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Genealogy and Local History Program Videos

Complete videos of some of the programs offered in the library about different topics in genealogy and local history.

Commanche Nation: The Story of Quanah and Cynthia Ann Parker

Quanah and Cynthia Ann Parker are well-known figures from the frontier days of Texas and the West. Historians have written much about Comanche history, but there have been few public displays of the photographs and artifacts from this important period in American history.

From September 20 – December 15, 2012, the Central Library hosted an exhibit of artifacts and photographs as well as several programs and presentations about Quanah Parker and his mother, Cynthia Ann Parker.

Community History Workshop Series: Preserving Our Past Program Videos

This series is a partnership with The Center for Texas Studies at TCU and is designed to make the public aware of the important, yet often overlooked historical resources around them, and how to preserve them for posterity. The goal of the workshops is to prove that “every person is a historian,” and that they can, by their deeds and actions, preserve a small part of the cultural and historical fabric of the region.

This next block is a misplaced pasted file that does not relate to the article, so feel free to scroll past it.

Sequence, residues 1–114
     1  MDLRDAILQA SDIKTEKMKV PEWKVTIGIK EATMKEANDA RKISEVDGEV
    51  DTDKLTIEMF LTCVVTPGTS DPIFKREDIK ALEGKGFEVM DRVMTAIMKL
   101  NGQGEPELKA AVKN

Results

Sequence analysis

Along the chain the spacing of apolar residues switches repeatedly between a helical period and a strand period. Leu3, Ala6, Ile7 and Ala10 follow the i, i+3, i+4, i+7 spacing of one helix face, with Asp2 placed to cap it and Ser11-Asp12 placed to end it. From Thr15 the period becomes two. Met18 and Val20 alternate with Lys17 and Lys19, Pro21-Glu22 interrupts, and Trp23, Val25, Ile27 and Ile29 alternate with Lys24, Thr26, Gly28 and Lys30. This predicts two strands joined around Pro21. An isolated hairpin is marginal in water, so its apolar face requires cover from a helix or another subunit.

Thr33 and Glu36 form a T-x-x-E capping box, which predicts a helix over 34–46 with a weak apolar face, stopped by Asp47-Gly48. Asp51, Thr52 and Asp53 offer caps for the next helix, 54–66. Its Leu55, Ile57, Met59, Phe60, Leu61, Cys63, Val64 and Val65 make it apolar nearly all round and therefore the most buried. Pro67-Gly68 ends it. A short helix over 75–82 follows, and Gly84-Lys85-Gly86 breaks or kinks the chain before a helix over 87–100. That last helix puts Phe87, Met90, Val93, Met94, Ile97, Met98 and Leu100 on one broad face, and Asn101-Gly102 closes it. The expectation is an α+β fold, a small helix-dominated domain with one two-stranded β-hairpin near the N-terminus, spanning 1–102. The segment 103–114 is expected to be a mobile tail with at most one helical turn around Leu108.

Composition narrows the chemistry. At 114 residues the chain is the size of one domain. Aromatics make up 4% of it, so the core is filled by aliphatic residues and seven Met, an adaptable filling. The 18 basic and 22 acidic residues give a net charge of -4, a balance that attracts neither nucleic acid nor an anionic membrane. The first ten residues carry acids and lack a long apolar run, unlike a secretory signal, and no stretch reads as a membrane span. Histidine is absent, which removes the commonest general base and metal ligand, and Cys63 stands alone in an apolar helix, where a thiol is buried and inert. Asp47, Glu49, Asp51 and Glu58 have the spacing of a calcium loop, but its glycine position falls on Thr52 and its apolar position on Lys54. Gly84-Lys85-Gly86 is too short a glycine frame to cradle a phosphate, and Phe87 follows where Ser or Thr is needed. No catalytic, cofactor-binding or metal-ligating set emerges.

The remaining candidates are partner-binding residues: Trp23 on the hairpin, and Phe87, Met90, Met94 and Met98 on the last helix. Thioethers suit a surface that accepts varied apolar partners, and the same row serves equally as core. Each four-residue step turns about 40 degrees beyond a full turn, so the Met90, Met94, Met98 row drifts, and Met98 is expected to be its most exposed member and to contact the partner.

Programs for this series take place on the first Saturday of the months January - May and September - December at 10:30 a.m. in the Tandy Lecture Hall at the Central Library. Information on the next program is available here.

Fort Worth Genealogical Society Program Videos

Founded in 1957, the Fort Worth Genealogical Society is a non-profit, educational corporation created to foster and maintain interest in genealogy among citizens of Tarrant County, Texas and surrounding areas. The Society publishes and distributes genealogical and historical information to the public and assists the Fort Worth Library in the acquisition of genealogical and historical research material. Through monthly meetings and other activities, the Society encourages the exchange of ideas and helps its members to develop efficient methods for genealogical and historical research.

The Fort Worth Genealogical Society holds its monthly General Membership Meeting on the last Tuesday of each month at the Fort Worth Library at 6:30 p.m. in the Tandy Lecture Hall. During these meetings, speakers present informative programs about a variety of genealogy topics.

JFK in Fort Worth: A Lasting Impression

To commemorate the 50th anniversary of President John F. Kennedy’s death, the Fort Worth Library presented _ JFK in Fort Worth: A Lasting Impression , a special exhibit documenting Kennedy’s visit to Fort Worth, Lee Harvey Oswald’s connection to the city and the planning and design of the JFK Tribute. In conjunction with the exhibit, CBS 11 News anchor Tracy Kornet interviewed veteran journalist and host of _Face the Nation Bob Schieffer about the day the president was assassinated and how the tragedy continues to affect us today.

Local History Month: The Amazing Life and Legacy of William “Gooseneck” McDonald, Fort Worth’s First Black Millionaire